Tetras and Betta? - Tropical Fish Keeping - Aquarium fish care and resources
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post #1 of 7 Old 08-12-2011, 02:15 PM Thread Starter
Tetras and Betta?

Hi everyone!

Let me just say I'm not planning on getting a tank any time soon, and certainly not before I've finished my research.

Sometime in the future, I'd like to have a tetra tank and I was wondering if it would be a bad idea to have a large tetra tank (maybe 55 gallons) with a single betta? I've read that tetras can be fin nippers and semi-aggressive, but that the bigger the shoal(s) and tank they're in, the less aggressive and fin nippy they become.

Thank you for your input.
DanielaMarie is offline  
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post #2 of 7 Old 08-12-2011, 02:33 PM
Yes larger shoals do reduce interspecies aggresion, .However Bettas are diffidult to place with tank mates. Sometimes they will do great, othertime even with the exact same species of fish they will fight to the death. I've heard of a person having a betta with a school of black skirt or Black Widow Tetra, which are notorious fin nippers for 3 years and not have a problem. There are certainly fish(like the black skirts) that you really should avoid but sometimes you get fish that should be ok, but it just doesn't work
ladayen is offline  
post #3 of 7 Old 08-12-2011, 03:19 PM Thread Starter
That's what I thought, but I figured I'd ask. Thank you.
DanielaMarie is offline  
post #4 of 7 Old 08-12-2011, 07:12 PM
I know everyone tends to like male bettas because they are more dramatic looking, but in a community tank I've had only good luck with female bettas. I think they are still beautiful and can be just as brightly colored, but they also have a LOT more personality. They are much more active and get excited every time I come near them. I've had them in community tanks with a variety of other fish and the only ones that I've ever had problems with were other aggressive fish going after the betta, not the other way around.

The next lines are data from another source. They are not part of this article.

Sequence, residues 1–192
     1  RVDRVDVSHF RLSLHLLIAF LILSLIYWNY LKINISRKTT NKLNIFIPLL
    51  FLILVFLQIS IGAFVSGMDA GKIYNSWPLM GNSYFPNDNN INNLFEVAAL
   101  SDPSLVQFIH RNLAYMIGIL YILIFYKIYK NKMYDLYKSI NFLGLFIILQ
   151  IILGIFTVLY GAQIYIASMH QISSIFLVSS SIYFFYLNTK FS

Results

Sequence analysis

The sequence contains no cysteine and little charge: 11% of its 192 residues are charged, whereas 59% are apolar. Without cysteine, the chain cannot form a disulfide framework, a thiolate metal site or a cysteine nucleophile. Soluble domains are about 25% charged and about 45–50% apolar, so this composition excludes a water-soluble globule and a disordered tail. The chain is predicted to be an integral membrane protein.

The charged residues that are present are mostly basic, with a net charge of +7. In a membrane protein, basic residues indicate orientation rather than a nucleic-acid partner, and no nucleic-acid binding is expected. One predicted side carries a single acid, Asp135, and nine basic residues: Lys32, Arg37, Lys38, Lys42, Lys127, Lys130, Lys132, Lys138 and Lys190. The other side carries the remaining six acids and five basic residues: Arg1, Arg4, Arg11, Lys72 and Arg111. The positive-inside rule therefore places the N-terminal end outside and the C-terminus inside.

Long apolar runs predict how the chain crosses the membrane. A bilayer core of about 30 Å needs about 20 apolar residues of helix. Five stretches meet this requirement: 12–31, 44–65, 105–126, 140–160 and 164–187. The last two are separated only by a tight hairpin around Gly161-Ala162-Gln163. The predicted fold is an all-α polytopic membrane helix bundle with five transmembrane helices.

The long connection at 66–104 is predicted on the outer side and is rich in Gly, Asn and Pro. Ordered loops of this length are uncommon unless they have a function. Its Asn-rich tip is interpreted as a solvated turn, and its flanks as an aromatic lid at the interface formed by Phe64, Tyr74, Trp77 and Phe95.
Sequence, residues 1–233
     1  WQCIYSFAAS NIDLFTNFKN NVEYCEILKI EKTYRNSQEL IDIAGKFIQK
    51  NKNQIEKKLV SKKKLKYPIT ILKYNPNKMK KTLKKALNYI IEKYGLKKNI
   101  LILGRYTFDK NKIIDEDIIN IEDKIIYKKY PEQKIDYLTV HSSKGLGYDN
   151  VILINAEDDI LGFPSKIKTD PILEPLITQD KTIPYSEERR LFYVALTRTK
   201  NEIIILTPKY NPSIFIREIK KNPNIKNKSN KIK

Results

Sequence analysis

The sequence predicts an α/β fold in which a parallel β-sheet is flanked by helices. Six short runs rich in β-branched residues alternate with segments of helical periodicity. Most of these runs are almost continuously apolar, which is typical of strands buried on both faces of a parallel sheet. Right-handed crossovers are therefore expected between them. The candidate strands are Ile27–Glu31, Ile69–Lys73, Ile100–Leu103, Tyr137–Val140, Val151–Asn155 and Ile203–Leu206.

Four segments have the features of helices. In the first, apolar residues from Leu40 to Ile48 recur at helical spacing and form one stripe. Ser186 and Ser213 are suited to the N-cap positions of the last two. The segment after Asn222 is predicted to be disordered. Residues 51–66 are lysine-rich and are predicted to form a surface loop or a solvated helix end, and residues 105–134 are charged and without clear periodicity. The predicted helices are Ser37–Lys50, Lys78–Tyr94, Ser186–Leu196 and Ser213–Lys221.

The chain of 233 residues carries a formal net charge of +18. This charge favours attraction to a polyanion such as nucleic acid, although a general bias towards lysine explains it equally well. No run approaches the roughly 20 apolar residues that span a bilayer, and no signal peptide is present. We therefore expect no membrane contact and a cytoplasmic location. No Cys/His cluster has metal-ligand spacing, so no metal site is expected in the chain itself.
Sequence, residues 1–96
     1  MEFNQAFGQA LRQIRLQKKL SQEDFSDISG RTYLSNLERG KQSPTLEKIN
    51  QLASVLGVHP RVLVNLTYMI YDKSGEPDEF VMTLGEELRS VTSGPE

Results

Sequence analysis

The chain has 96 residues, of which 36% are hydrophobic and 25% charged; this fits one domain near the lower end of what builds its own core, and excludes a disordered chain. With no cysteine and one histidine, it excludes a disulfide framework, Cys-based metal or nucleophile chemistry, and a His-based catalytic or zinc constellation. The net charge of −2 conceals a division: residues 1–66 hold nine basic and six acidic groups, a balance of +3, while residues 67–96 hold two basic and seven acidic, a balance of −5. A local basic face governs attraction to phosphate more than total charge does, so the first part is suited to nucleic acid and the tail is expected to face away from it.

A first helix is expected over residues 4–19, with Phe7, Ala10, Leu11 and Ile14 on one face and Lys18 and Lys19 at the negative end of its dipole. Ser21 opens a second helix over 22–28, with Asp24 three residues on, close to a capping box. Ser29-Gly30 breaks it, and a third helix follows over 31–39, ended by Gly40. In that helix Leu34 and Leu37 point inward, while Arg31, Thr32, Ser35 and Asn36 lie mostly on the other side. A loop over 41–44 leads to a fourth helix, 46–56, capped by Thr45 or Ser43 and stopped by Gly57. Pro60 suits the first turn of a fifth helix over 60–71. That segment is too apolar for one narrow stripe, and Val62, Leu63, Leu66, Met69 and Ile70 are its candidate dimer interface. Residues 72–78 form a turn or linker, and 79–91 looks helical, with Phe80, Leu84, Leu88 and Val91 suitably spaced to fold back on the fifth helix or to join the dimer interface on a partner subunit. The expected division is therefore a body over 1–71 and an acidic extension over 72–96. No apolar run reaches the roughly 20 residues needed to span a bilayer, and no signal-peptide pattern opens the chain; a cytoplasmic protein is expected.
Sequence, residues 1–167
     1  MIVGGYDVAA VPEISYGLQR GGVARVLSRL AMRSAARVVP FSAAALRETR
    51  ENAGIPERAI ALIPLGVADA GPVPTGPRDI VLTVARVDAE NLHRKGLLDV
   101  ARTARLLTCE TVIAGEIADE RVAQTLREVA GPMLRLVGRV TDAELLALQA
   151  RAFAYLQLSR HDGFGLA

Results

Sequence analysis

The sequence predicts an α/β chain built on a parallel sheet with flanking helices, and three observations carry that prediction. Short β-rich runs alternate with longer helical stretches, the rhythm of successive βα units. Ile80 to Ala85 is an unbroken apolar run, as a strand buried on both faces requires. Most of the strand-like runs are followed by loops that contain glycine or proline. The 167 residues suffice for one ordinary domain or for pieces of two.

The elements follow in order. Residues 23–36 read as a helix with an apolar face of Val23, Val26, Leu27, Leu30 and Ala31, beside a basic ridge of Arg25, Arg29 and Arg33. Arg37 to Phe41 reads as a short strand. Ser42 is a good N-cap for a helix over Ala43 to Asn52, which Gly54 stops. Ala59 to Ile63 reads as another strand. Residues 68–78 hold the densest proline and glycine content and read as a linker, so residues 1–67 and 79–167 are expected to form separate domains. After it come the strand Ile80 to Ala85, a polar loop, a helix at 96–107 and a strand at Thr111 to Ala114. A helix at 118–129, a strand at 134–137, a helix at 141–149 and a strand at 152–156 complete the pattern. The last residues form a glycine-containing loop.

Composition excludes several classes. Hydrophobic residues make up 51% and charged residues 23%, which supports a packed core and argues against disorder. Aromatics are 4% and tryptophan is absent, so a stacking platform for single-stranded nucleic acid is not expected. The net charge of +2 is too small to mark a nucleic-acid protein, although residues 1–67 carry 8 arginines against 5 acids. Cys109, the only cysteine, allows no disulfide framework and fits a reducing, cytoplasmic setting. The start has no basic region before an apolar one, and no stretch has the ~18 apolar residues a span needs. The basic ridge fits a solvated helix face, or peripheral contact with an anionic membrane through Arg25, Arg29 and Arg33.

The best pointer I can give you, no matter what, is to put the betta in AFTER the tetras. If the betta goes in first it will get very territorial. If it goes into an existing tank it's less likely to be aggressive.
tf1265 is offline  
post #5 of 7 Old 08-12-2011, 09:29 PM
I agree with tf1265 about adding the betta after thge tetras. That way it won't "claim" thge territory before the tetras are added.
dramaqueen is offline  
post #6 of 7 Old 08-13-2011, 09:22 AM
I believe if you have provide plenty of plants, caves and other hiding places they should be fine in a 55 gallon..It does depend on the betta though...I have one that lives fine with tankmates and another that will chase down and kill anything in the tank..including snails.. If you choose to try this I would make sure to have a backup plan for the betta just in case things don't work out..Even if it is just a 3 gallon critter keeper or something.

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Littlebittyfish is offline  
post #7 of 7 Old 08-13-2011, 11:25 AM
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Yes, this is a real risk that i suggest avoiding. As noted, it can go either way. Some Betta [we are talking the common Betta splendens, the Siamese Fighting Fish] are downright nasty, others less, and any coloured fish can be targetted. In reverse, most small shoaling fish will nip if tempted, and a Betta with long flowing fins and sedate swimming is a great temptation. When I was beginning, I had a Betta who ate neons readily.

A Betta is really not a community fish; a single male in a 5g planted tank is best for the Betta and the other fish in the community will be better too.

I recently posted an article on the 10 worst mistakes made by aquarists, and having a Betta in a community tank was high on that list.


Byron Hosking, BMus, MA
Vancouver, BC, Canada

The aquarist is one who must learn the ways of the biologist, the chemist, and the veterinarian. [unknown source]

Something we all need to remember: The fish you've acquired was quite happy not being owned by you, minding its own business. If you’re going to take it under your wing then you’re responsible for it. Every aspect of its life is under your control, from water quality and temperature to swimming space. [Nathan Hill in PFK]
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